When at the beginning of 2014 we scheduled the launch of our virtual platform for our consulting practice introducing to the world our new ethos, we had no idea that the day we chose, January 20th, 2014, was in fact Martin Luther King Day 2014. When I found this out, just a few days ago, I was stunned at what some may perceive to be a serendipitous occurrence but what I saw as a powerful personal confirmation that the decisions that I had taken to close the doors to my legal practice in the last quarter of 2012, to regroup, to meditate and to be re-inspired in the practice of the law were the best decisions for me.
As I celebrate the formal opening of Rose Law Caribbean on Martin Luther King Day 2014 I remember one of the principal catalysts to my own personal transformation in the appreciation of the role of law and lawyers in modern society after reading a book on Martin Luther King sometime in April 2013. So inspired was I, that I started a facebook page called The Conscious Lawyer to share my thoughts about the changing role of lawyers in society and to share legal updates reflective of such changes and joining with other colleagues all over the world in promoting a legal reformation of sorts emphasizing the healing and empowering attributes of the law.
Martin Luther King Jr. who is best known as the civil rights leader who guided a peaceful protest of the racial injustice that was prevalent across the United States has been recognized as a transformational force on the civil rights front but less so within the legal profession. Our less than enthusiastic engagement with Martin Luther King Jr, the lawyer, may be because his normative commitments, seemingly more apt for the pulpit than a legal consultation, tend to fly in the face of what we for a long time considered to be "good lawyering".
I qualified at the age of 23 and almost immediately embarked on a criminal practice in the chambers of now deceased Theodore Guerra SC. I remember time and time again as I provided advice to clients over the last two decades having to face conflicts between my position of conscience and the advice that I was giving. What was in the best interests of the client, though lawful, did not necessarily meet my standards of moral conduct in society or put another way our moral or community responsibility as co-habitants in society. As a young criminal attorney I learned fast that in order to provide objective advice I had to learn the art of compartmentalization to such a degree, that one did it without even thinking. However, even though I recognized this dissonance, I continued like a good and faithful servant of the profession to advise clients only on their legal position. The practice of criminal law brought home to me in a very real sense the dangers and the unmanageable complications that could arise if lawyers mixed their personal opinions into the giving of advice or in casting moral judgment while receiving instructions. In the legal profession compartmentalization is the order of the day and it is not difficult to see this similar compartmentalization in the area of business. Praying at the altar of the shareholders best interests all other interests are statutorily collateral.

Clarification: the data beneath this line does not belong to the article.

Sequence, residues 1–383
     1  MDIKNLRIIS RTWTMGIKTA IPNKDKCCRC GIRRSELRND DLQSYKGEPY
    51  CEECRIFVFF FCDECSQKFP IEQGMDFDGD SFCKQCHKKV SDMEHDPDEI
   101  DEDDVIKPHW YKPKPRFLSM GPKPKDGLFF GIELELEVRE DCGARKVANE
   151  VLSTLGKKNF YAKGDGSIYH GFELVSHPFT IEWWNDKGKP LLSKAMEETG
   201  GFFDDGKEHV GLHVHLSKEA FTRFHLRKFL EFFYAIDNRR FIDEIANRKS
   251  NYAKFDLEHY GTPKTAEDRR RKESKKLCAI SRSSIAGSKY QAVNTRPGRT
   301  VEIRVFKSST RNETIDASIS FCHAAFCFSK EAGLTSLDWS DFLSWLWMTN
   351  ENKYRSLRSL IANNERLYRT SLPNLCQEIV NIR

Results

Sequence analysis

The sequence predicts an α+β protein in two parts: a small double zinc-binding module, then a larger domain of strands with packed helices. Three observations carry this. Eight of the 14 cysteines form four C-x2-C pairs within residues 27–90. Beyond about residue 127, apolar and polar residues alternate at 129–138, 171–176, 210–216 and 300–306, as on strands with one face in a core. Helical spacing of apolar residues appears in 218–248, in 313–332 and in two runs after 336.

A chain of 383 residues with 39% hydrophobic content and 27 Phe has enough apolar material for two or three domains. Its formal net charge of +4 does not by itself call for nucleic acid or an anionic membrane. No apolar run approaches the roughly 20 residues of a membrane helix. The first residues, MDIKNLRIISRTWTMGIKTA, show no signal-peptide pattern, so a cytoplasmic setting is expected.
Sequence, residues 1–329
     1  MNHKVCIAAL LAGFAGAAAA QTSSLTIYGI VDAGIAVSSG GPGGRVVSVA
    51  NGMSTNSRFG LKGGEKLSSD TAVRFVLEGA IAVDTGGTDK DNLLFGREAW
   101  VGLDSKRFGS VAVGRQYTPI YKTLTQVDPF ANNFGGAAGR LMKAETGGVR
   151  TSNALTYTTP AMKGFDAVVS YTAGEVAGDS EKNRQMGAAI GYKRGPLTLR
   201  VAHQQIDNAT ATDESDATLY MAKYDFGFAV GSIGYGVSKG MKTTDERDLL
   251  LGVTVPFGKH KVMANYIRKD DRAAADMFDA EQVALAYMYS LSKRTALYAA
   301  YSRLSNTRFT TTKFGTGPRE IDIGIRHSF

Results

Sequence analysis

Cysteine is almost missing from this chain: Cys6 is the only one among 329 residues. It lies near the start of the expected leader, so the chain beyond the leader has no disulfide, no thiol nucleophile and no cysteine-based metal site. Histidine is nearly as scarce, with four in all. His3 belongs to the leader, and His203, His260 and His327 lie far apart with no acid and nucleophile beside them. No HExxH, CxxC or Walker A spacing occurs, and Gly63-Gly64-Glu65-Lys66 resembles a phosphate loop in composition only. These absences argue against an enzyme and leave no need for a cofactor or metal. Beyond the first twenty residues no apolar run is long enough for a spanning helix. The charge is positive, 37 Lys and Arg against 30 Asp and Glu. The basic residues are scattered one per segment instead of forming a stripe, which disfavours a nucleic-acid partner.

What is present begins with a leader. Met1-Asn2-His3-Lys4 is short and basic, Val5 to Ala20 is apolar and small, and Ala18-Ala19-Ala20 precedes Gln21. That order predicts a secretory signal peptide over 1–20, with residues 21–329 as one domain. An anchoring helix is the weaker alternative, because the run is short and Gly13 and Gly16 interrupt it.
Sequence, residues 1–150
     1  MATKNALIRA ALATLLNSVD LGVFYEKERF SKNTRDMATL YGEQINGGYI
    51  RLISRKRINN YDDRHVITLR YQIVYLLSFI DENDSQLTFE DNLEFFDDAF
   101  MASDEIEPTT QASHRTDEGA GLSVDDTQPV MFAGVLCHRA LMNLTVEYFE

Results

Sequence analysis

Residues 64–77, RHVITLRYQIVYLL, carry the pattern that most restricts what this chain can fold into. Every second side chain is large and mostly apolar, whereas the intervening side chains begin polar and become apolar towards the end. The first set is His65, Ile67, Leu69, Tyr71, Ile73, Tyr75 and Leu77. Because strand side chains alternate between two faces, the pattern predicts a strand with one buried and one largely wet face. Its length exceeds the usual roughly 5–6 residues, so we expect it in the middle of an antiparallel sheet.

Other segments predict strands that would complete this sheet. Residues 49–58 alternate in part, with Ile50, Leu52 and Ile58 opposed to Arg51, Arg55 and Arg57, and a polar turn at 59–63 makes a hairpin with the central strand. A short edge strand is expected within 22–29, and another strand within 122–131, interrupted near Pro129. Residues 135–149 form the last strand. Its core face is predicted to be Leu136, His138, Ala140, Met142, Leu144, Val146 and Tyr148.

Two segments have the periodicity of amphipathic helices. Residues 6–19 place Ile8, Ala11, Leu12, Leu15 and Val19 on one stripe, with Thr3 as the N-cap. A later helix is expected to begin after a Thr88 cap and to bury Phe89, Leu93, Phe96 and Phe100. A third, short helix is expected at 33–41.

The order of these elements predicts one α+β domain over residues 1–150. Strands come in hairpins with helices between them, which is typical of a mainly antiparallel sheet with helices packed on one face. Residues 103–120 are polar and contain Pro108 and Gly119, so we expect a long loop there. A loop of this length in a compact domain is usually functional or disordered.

Our profession embraces a theory-driven fiction of sorts of a rights-bearing individual who stands alone without context, commitments, moral or social responsibilities. Clients do not come to us for our moral advice, or for our opinion on an issue if we ourselves were in the position. Clients come to us for legal guidance simpliciter - What can or cant we do here? What are our rights? What are our obligations? And to these we lay out the playbook of options, advise of the benefits and disadvantages of each option (from a legal and sometimes economic perspective, of course) and support the client in the route they choose. As the law changes to embrace more community responsibilities in the areas of the environment and health and safety, we as lawyers dutifully respond by including same in our playbook.
Unless our normative and moral commitments overlap or coincide with the client's interests, they are irrelevant to - and perhaps a dangerous distraction from - the lawyer's work. Or so it is argued. This view which in fact, underpins the Ethics Code for lawyers in most jurisdictions was articulated by William Simon in The Ideology of Advocacy - Procedural and Professional Ethics as one of two fundamental principles of the ethics of legal advocacy as traditionally understood (1) the principle of neutrality requiring a lawyer to "remain detached from his client's ends" and (2) the principle of partisanship which "prescribes that the lawyer work aggressively to advance his client's needs" and "employ means on behalf of his client which he would not consider proper in a non-professional context even to advance his own ends". So that not only is the lawyer's moral agency suspended as to the client's choice of objectives, it remains suspended as to the client's pursuit of those objectives.